Cinderella in Many Cultures

Dr. Pam Petty
Assistant Professor of Literacy
Western Kentucky University

Rationale

     Traditional literature including fairy tales and folktales are woven into our American culture in print media, musical lyrics, images, political cartoons, and the entertainment industry (Disney).  It is imperative that all children be familiar with these tales.  Tales that originate in multiple cultures provide for a world view that values all people.  This unit also challenges students to view events from different perspectives, to be alerted to stereotyping and false representation of a culture, and to become more active and critical readers. 

Goals and Objectives:  (NCTE/IRA)

·        Students read a wide range of print and non-print texts to build an understanding of texts, of themselves, and of the cultures of the United States and the world; to acquire new information; to respond to the needs and demands of society and the workplace; and for personal fulfillment. Among these texts are fiction and nonfiction, classic and contemporary works.

·        Students conduct research on issues and interests by generating ideas and questions, and by posing problems. They gather, evaluate, and synthesize data from a variety of sources (e.g., print and non-print texts, artifacts, people) to communicate their discoveries in ways that suit their purpose and audience.

·        Students develop an understanding of and respect for diversity in language use, patterns, and dialects across cultures, ethnic groups, geographic regions, and social roles.

 

Materials Needed:

Hickox, R.  (1999).  The Golden Sandal: A Middle Eastern Cinderella Story.  New York:  Holiday House.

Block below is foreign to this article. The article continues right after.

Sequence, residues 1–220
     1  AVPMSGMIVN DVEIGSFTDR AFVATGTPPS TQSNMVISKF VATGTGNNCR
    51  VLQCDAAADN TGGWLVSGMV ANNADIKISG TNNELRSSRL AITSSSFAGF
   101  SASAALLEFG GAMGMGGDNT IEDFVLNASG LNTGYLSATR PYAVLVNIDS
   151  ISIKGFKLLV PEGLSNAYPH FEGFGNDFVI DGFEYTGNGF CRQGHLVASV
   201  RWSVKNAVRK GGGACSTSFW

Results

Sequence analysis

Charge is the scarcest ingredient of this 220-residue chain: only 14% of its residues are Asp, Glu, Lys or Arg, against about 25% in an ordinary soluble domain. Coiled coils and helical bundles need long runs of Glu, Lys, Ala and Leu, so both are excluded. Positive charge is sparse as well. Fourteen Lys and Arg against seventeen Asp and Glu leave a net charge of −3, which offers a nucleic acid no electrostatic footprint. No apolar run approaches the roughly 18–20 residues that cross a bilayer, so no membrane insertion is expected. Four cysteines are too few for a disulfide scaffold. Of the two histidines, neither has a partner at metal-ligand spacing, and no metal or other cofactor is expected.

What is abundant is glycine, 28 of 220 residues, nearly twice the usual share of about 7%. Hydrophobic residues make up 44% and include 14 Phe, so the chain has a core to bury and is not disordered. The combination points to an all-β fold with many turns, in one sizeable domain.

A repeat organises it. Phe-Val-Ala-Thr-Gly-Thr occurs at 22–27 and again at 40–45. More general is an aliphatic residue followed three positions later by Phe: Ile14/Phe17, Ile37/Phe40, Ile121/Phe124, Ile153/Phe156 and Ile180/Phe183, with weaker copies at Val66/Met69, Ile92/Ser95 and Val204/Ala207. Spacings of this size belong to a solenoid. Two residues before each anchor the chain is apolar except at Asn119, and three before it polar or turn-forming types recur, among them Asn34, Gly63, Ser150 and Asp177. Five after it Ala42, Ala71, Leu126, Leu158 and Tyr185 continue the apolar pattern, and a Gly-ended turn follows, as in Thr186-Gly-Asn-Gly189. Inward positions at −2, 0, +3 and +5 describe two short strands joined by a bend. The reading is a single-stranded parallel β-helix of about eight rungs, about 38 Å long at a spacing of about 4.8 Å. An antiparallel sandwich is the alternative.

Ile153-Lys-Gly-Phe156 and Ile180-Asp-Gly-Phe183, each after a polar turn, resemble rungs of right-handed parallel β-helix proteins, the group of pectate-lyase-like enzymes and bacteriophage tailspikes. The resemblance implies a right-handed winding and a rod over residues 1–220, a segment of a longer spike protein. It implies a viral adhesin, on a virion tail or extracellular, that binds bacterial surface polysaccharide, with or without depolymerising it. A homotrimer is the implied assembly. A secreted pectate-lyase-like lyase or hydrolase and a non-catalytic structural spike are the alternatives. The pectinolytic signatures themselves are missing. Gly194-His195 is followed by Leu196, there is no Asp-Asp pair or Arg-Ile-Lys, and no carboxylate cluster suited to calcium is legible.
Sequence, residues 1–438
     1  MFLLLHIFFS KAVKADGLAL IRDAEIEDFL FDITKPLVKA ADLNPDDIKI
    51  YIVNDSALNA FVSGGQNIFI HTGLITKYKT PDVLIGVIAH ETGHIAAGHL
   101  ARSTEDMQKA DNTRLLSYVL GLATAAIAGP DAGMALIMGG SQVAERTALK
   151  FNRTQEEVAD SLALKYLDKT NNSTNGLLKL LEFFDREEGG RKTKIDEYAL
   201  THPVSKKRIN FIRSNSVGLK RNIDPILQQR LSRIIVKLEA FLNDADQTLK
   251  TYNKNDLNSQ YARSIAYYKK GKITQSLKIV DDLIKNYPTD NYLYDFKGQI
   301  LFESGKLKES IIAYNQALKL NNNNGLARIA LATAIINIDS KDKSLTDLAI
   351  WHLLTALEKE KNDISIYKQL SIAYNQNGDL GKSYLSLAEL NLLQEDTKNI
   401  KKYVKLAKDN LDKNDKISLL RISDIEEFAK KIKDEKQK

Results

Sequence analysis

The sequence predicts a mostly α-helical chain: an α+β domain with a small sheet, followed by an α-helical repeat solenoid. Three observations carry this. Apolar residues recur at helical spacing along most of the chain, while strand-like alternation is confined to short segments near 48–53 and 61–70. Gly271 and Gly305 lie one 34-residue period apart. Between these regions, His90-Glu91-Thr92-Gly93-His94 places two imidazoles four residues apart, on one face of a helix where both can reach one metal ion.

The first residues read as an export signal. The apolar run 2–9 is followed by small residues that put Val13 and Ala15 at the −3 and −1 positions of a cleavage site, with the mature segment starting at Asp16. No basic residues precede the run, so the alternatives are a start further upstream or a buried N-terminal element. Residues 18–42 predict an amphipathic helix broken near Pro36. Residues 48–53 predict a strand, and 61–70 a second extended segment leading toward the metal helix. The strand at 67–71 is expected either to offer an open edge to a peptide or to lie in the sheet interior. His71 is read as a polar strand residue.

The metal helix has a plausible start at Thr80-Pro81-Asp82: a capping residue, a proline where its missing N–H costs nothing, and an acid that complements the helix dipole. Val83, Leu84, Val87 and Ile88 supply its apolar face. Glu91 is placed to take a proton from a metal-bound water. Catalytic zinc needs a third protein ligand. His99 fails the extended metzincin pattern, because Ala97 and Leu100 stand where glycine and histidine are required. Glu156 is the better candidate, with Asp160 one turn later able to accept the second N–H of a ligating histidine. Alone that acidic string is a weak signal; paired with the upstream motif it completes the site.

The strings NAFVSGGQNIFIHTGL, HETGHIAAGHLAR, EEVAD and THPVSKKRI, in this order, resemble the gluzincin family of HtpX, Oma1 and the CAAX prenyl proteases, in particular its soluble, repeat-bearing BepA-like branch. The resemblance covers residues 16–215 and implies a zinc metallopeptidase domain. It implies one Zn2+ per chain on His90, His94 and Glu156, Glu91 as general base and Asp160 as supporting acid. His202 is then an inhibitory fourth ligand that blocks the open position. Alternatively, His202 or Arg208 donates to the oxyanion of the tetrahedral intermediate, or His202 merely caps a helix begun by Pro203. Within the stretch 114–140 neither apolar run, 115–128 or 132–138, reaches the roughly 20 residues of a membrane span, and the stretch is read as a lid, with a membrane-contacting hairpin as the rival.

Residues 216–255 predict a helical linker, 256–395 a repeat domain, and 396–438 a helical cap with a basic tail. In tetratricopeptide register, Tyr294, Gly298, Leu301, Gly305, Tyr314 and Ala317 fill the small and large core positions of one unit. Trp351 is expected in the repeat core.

Climo, S.  (1989). The Egyptian Cinderella.  New York:  HarperCollins. 

Climo, S.  (1996). The Irish Cinderlad.  New York:  HarperCollins. 

 

Climo, S.  (1993). The Korean Cinderella.  New York:  HarperCollins.  Climo, S.  (1999). The Persian Cinderella.  New York:  HarperCollins.  San Souci, R. D. (1998).  Cendrillon.  New York:  Simon & Schuster. 

San Souci, R. D. (2000).  Little gold star:  A Spanish American Cinderella tale.  New
          York:  HarperCollins. 

 

Steptoe, J.  (1987). Mufaro’s beautiful daughters:  An African tale.  New York: 
          Scholastic. 
Winthrop, E.  (1991). Vasilissa the beautiful.  New York:  HarperCollins.   

Thematic Literature:

                            Other versions of Cinderella (holidays, traditional European versions, spoofs,
                             regional versions, etc.)

Internet access

Information books on Egypt, Ireland, Korea, Africa, the Caribbean, the Spanish
           American Southwest, Zuni Native Americans, Persia, Russia

Learning Modules and Timeframe (Approximately 9 months – 30 minutes per day)

Module One:  Foundation

·        Set the tone for the unit of study by doing a teacher read aloud from the book:

o       If the World Were a Village – David J. Smith

·        Prior to read aloud ask students to respond to an anticipation guide which provides true and untrue facts about topics in the book. 

o       Example: 
Agree      Disagree
_____      ______   1.  There are over 200 billion people in the world today.

·        After the read aloud revisit the anticipation guide asking students to adjust their responses based on what they just learned from the book.  Teacher should prompt for discussions on the various topics addressed in the book (nationalities, languages, ages, religions, food, air/water, schooling/literacy, money/possessions, electricity, past, future). 

·        Introduce Cinderella by displaying items one at a time from a “book box” reflecting story elements from the fairytale.  They book box might include:

o       a pumpkin, a mouse, a magic wand, an apron, a piece of coal, a glass slipper, a watch set to 12:00

·        Prompt students to guess the fairytale in which these items appear and then to take turns retelling parts of the story until a chart reveals the entire “traditional” version of the tale.  Students should go onto the Internet to investigate and record some fascinating details of this tale which will then be used to update/enhance the chart: